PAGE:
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Monday, May 4, 2015

Sailors' Sunday pleasure

Sailors' sea chests have a varied history.

They were infamously used for stowing pirate treasure, as in the famous illustration from Howard Pyle's Book of Pirates (1917).   On the whole, though, they were used for more mundane treasures, that being a seaman's private belongings.  It was equivalent to his bookshelves, his wardrobes, and his chests of drawers back home -- and yet had space for so little. At the New Bedford Whaling Museum there is a educational program that asks the students to pack a sea chest, which is more of a challenge than the student might expect.  Not only do spare clothes have to be packed inside, but there are little luxuries, like soap and tobacco.  Any books and writing paper have to find a place, along with the seaman's journal -- and his navigational guides and instruments, if he is ambitious enough to study his trade, with an eye to getting a post in that hallowed place, the afterquarters, where the captain and officers live.  And, on long voyages, like the years-long cruises of whaleships in the age of sail, there are the ships' models, scrimshaw, and shell valentines he might have made, all of which need a safe place.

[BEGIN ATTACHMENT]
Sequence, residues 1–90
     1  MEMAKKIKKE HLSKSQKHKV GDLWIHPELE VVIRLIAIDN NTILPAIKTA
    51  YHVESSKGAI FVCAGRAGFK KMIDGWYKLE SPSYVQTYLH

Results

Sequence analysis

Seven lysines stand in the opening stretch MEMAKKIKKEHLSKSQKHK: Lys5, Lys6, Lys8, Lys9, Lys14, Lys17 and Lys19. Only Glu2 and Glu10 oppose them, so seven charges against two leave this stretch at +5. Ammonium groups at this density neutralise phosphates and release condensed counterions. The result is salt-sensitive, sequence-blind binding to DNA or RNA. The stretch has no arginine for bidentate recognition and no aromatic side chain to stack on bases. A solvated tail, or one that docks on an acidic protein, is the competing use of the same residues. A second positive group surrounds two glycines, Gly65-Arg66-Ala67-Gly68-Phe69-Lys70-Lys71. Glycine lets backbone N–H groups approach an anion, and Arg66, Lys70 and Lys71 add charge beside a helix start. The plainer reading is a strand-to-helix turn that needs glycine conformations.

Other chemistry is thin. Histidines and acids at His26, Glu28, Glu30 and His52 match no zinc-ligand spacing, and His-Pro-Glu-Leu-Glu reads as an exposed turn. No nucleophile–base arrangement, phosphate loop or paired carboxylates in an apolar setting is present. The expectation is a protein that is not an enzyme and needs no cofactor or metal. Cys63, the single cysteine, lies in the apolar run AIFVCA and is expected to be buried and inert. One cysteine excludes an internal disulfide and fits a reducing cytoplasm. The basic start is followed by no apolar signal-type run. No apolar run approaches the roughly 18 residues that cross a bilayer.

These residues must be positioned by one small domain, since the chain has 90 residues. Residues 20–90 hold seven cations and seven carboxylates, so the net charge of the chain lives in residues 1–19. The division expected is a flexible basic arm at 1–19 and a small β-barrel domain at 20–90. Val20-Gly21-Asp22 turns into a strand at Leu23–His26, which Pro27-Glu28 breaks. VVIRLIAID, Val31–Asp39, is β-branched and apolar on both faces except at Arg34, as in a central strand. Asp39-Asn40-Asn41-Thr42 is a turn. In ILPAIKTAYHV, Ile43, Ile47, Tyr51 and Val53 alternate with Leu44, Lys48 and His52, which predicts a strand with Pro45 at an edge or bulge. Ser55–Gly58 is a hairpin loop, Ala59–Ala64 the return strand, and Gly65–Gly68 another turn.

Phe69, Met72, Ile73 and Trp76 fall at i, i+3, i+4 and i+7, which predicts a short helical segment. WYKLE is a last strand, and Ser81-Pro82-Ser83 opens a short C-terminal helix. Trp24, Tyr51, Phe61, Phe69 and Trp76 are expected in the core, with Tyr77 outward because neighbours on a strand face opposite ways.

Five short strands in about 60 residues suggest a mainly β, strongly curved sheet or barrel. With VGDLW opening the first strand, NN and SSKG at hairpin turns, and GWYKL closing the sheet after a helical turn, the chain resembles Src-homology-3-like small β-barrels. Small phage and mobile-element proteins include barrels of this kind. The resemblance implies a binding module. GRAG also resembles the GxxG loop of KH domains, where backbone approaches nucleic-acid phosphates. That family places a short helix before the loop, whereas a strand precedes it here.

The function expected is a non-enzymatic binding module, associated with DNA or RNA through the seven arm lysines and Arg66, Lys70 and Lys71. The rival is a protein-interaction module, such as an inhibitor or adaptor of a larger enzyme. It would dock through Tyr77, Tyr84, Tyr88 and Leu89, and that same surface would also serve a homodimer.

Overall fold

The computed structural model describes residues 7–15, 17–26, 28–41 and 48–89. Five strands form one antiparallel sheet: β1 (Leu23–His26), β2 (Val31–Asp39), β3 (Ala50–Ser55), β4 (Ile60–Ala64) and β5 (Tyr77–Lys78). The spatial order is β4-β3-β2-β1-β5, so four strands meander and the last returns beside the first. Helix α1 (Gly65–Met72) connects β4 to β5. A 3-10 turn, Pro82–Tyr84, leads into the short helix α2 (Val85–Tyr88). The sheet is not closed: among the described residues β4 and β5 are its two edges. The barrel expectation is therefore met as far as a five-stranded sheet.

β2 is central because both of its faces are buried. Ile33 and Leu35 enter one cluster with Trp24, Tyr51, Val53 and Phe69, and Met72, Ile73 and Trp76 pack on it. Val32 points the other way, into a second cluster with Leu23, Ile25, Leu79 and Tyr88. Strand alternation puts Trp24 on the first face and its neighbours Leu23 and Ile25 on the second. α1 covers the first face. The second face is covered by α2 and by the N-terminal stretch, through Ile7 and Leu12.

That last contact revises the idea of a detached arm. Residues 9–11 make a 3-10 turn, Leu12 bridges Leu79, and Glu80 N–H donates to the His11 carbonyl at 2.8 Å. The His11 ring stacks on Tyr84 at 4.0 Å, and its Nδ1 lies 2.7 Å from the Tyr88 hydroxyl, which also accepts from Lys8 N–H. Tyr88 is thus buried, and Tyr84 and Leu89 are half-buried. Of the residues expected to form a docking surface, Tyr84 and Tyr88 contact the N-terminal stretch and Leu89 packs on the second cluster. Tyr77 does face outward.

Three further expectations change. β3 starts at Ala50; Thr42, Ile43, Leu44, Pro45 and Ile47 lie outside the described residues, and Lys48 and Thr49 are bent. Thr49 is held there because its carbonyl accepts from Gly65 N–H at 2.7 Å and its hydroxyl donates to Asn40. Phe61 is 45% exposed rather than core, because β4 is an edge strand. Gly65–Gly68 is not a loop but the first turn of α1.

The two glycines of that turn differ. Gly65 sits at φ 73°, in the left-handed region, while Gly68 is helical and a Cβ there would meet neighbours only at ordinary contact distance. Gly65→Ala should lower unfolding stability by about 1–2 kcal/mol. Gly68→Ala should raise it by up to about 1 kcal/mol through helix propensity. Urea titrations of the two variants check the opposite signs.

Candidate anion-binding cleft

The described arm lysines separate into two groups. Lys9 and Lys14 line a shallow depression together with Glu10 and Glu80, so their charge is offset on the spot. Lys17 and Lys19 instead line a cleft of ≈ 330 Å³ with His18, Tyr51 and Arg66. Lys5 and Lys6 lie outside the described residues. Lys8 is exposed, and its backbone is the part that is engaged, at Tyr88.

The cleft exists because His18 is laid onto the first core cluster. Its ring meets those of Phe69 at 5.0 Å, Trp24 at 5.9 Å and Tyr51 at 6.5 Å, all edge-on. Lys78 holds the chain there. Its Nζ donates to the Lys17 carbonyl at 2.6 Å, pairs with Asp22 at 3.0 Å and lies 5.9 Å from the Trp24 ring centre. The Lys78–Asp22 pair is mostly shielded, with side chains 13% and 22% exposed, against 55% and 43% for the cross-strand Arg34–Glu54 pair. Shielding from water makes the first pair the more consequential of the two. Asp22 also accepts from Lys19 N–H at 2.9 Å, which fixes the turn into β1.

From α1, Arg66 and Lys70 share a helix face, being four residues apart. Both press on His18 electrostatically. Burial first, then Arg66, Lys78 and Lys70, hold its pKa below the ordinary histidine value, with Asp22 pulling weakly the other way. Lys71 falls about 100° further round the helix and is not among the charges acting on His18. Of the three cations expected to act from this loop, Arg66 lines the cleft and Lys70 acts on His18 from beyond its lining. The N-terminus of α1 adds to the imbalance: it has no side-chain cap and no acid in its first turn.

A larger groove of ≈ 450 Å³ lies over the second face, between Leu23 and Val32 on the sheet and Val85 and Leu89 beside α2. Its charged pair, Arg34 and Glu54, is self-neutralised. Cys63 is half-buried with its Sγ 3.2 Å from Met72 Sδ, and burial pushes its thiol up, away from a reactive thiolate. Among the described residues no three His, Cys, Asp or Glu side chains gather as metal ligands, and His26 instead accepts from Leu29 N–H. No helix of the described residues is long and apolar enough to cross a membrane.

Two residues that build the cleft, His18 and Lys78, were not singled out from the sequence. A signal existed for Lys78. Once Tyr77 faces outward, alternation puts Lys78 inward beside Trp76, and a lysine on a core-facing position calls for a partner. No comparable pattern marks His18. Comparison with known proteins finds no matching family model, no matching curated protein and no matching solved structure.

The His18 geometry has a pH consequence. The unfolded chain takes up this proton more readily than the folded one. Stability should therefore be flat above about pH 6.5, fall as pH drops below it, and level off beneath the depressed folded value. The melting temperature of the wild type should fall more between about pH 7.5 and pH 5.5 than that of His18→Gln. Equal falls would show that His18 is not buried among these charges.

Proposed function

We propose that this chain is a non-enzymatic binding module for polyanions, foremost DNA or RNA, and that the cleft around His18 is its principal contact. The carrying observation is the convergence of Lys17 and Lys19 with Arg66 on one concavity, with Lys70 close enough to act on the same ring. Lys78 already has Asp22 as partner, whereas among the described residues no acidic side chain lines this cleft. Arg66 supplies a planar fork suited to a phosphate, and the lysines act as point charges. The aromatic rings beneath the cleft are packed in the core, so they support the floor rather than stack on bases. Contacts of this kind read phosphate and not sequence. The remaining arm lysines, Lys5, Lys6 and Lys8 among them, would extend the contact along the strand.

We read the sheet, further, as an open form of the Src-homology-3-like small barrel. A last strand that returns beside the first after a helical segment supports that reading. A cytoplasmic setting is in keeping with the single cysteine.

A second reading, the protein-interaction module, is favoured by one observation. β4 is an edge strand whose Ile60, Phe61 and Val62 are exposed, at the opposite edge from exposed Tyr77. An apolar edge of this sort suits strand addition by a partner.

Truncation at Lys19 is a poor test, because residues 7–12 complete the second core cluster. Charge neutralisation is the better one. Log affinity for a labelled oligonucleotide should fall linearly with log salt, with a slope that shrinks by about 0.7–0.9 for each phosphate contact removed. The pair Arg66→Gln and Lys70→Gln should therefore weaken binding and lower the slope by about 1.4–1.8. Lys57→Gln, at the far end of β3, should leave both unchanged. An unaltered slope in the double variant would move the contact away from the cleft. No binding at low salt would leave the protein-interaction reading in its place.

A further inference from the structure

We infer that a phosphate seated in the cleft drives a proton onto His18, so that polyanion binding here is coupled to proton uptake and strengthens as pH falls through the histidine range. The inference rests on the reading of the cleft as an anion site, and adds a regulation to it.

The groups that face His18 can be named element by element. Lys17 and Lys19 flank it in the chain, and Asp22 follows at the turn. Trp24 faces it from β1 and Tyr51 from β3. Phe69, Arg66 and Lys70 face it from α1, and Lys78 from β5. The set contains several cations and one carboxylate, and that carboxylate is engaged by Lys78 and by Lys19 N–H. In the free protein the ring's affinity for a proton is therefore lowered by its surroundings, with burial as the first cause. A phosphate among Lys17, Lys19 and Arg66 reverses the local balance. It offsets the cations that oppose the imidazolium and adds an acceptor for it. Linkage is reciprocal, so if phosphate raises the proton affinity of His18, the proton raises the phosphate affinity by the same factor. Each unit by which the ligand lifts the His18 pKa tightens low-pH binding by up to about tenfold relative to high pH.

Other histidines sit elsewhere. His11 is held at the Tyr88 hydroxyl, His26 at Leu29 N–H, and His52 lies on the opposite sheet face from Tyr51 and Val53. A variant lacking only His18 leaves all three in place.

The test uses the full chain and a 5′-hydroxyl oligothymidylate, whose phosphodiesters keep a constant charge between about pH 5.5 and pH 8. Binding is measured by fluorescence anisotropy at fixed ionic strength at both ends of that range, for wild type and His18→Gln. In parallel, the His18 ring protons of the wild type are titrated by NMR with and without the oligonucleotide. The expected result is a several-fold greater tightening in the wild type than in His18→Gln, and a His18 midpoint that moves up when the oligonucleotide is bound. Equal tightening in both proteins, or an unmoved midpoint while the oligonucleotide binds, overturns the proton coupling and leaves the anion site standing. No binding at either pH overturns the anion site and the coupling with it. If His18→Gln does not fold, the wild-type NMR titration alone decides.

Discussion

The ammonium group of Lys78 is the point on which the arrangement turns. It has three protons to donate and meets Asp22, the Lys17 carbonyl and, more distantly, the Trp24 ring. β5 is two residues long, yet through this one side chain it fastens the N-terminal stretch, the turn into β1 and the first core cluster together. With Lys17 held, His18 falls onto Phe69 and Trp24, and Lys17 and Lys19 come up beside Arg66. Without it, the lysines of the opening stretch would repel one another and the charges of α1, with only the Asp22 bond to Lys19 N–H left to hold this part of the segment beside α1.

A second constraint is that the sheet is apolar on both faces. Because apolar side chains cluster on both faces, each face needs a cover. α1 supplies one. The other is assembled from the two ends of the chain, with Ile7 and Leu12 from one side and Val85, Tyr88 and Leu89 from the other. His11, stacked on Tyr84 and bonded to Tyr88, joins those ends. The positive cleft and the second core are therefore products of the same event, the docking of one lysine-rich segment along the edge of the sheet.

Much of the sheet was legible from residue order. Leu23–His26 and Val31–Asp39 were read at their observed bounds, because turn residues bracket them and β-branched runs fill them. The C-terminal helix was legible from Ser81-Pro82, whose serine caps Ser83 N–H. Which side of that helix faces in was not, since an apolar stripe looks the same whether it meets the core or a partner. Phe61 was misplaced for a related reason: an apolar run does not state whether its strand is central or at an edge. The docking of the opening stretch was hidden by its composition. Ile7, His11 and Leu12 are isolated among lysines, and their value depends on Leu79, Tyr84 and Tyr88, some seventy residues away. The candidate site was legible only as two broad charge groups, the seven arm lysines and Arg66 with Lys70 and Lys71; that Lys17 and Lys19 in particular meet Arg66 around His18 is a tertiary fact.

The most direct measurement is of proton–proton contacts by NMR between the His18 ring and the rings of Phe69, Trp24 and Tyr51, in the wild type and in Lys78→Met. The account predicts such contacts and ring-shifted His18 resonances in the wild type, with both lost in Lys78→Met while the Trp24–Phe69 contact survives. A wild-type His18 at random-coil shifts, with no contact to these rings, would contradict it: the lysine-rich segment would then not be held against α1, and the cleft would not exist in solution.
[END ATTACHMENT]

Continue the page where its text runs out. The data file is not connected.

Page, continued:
And Sunday was the day for turning out the sea chest, and gloating over the little private treasures that were hidden inside.  As J. H. Drew meditated in the Boston Journal, on Septembe 10, 1877, "Sunday is the day for the sailor to wash and mend his clothes ... Having done this, he invariably overhauls his chest, takes out all his clothes, unfolds them, airs them, folds them again, and lays them away.  This is what they call 'sailors' pleasure.'"

And woe betide anyone who opens another man's sea chest, invading his most private space. 

The drawing above is from "Sketches from the Naval Training Camps," created by George Wright, and published in the Harper's Monthly in August 1918.   I'm not even sure that the fellow depicted is studying his sea chest, as it was usual for a canvas bag to be issued to a navy man, instead of the traditional chest -- or so I believe.

So, can anyone think of a better illustration of a sailor turning out his sea chest?

It's a challenge.

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